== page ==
Bukchon brings small-town warmth to bustling capital
According to the Korea Tourism Organization, a total of 14,201,516 people came to Korea during the year 2014. What elements attracted them to Korea?
A number of media outlets have said that one of Korea’s charms is the harmony that exists between tradition and modernity. Many of them say that they are impressed by the forest of modern high-rises across Seoul, only a little distant from which are tiny alleyways full of a traditional vibe. The Bukchon Hanok Village is one of the most visited tourist spots for this mixed atmosphere.
Bukchon is a neighborhood located between Gyeongbokgung and Changdeokgung palaces. It’s called Bukchon, or “North Village,” as it is north of Jongno and the Cheonggyecheon Stream. Located between Gyeongbokgung Palace, built at the foundation of Joseon in 1392, and Changdeokgung Palace, the main palace during late Joseon times in the early 20th century, Bukchon was home to influential people in higher social positions. In all, it has been the center of the city for the 518 years of Joseon rule (1392-1910).
Currently, 1.2 square kilometers of Bukchon are divided into 11 smaller neighborhoods, including Samcheong-dong, Sogyeok-dong and Anguk-dong, just to name a few. The area has become a cluster for Hanok homes due to social campaigns to revive and to save traditional buildings that started in the 2010s. Over 1,300 Hanok homes can now be found in the neighborhoods.
The Hanok neighborhood has now become one of the trendiest neighborhoods in Seoul. It’s especially popular among people who want to have a balanced experience between tradition and modernity that can be found in the capital city. A variety of concept cafés and restaurants, as well as fashion stores equipped with the newest items, line the streets and alleyways. The neighborhood is also home to many museums, galleries and handicraft workshops. A wide variety of programs are on offer there, including folk paintings, knot tying classes, embroidery lessons and classes on natural dying. All are provided at affordable prices. Full of things to see, eat and enjoy, Bukchon is already one of the must-visit travel destinations for both domestic and international tourists.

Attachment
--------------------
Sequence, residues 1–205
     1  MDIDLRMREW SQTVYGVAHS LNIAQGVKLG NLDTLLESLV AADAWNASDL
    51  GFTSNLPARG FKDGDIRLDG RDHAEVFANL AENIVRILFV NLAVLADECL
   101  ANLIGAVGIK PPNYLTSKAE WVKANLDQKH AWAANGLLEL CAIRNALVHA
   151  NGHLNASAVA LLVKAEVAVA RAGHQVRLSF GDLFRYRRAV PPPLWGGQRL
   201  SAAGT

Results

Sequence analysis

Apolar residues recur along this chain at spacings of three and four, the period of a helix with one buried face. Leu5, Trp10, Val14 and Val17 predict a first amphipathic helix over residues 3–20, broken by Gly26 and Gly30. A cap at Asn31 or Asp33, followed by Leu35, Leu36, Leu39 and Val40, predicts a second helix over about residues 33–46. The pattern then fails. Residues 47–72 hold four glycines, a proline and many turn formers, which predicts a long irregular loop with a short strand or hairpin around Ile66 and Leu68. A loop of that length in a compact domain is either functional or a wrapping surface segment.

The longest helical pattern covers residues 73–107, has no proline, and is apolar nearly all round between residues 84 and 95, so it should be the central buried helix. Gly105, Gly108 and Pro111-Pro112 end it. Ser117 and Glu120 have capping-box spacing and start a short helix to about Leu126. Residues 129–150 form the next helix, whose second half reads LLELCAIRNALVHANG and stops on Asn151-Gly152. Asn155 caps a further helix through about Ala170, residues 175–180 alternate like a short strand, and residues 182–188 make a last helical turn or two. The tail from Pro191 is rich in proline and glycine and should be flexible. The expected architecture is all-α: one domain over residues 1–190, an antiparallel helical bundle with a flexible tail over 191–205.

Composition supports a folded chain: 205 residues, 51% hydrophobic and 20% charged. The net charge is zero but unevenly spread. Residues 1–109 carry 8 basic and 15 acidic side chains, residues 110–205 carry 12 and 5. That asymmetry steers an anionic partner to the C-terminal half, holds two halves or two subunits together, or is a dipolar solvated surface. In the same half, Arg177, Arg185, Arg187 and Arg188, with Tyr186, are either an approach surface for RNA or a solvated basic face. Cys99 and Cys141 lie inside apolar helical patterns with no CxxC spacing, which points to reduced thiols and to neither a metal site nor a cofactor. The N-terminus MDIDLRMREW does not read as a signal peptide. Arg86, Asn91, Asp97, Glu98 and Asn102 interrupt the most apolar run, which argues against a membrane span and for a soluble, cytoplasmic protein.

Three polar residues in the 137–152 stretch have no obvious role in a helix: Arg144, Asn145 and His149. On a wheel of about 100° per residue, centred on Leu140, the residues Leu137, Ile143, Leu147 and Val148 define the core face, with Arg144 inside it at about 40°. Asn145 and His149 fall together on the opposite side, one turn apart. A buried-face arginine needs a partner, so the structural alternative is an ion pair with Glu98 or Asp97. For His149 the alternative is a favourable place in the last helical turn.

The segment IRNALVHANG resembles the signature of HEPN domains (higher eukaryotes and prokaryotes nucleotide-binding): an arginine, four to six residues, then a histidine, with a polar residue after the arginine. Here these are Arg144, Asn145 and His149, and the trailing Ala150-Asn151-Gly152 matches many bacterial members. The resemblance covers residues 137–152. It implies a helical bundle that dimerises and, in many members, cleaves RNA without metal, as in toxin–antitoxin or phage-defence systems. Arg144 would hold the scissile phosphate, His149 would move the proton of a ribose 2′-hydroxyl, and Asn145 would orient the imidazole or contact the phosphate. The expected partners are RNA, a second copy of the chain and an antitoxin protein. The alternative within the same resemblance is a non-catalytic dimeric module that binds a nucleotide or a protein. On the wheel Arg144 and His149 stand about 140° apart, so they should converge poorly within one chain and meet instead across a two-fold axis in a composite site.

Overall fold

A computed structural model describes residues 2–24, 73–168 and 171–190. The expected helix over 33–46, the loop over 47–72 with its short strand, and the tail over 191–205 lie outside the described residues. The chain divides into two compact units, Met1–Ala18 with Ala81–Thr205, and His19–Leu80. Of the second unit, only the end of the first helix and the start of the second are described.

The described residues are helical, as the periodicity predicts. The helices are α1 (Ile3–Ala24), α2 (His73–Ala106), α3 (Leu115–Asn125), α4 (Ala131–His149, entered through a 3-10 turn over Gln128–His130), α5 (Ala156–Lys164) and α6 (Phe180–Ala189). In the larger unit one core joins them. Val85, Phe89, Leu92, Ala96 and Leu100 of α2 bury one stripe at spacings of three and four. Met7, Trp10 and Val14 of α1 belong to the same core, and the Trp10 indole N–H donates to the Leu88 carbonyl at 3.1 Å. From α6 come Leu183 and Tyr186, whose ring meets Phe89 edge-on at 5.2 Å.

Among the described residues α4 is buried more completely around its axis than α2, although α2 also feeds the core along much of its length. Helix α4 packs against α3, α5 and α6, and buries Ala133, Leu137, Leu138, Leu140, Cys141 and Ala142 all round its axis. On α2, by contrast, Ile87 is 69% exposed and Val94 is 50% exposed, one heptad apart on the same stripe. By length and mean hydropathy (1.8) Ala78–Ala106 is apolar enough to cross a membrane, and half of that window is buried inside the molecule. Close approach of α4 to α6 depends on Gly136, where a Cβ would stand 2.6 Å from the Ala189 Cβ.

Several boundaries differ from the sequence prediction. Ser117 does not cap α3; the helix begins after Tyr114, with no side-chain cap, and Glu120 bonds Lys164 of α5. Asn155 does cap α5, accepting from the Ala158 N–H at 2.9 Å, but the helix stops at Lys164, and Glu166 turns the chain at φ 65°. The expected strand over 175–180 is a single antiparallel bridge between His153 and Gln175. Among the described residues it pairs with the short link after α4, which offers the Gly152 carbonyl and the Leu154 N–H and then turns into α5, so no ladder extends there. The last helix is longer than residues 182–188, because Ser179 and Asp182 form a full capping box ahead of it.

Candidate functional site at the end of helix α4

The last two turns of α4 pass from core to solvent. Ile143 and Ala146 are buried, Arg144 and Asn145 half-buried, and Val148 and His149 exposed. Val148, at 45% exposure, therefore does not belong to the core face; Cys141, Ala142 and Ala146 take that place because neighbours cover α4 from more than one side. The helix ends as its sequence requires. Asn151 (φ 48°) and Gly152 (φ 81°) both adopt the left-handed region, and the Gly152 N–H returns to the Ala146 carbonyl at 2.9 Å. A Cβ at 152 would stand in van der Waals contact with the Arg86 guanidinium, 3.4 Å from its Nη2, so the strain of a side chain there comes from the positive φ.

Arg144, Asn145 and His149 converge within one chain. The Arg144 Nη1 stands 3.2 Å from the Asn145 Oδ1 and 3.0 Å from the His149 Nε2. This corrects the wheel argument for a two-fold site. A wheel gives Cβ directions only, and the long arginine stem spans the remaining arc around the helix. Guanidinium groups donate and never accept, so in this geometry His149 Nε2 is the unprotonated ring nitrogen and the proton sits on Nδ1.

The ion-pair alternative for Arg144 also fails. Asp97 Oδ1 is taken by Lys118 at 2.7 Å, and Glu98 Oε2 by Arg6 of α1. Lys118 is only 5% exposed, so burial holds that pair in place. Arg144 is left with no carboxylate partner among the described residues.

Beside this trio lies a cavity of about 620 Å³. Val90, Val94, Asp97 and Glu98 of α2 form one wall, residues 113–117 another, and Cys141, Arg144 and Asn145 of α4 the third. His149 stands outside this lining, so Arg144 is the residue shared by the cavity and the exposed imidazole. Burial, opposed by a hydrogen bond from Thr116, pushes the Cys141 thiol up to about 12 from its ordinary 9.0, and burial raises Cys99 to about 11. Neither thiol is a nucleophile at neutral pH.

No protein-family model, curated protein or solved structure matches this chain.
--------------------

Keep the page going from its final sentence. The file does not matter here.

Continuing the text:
In recent years, some young people have begun to offer cycle rickshaw tours, which used to function as taxis. The drivers take visitors around every nook and cranny of the neighborhood, providing explanations about the neighborhood’s history and its beautiful hidden spots.
With visitors sitting behind him, Kim Hyung-jun, or Jun, one of the pedicab drivers, says that he is healthy enough to have ridden his bicycle across the country and across the U.S., setting his passengers at ease. He can take as many as three adults at a time. No matter how heavy they are, he can speed up and slow down, turn left or right, and whenever he wants to even enter the narrow alleyways. Travelers can learn about the hidden sides of Bukchon that they could otherwise never see just by looking from the outside.
*Jun can offer English tours as well for non-Korean travelers. Please make any requests to
firstname.lastname@example.org or 010-3555-7617
Many people who want to experience Korea’s past opt to stay in a Hanok bed & breakfast. An overnight stay in a traditional Hanok home can give visitors memories full of warmth and hospitality.
Jo Sanku, CEO of Kozaza, a company that helps find travelers good Hanok B&Bs among the 1,500 such homes nationwide, says, “Staying at a Hanok bed & breakfast is particularly popular among non-Korean travelers who want to have a special experience in Korea. Many of them come back later with their families and friends. They seem quite satisfied with the experience.”
By Lee Seung-ah
Photos: Wi Tack-whan
Korea.net Staff Writers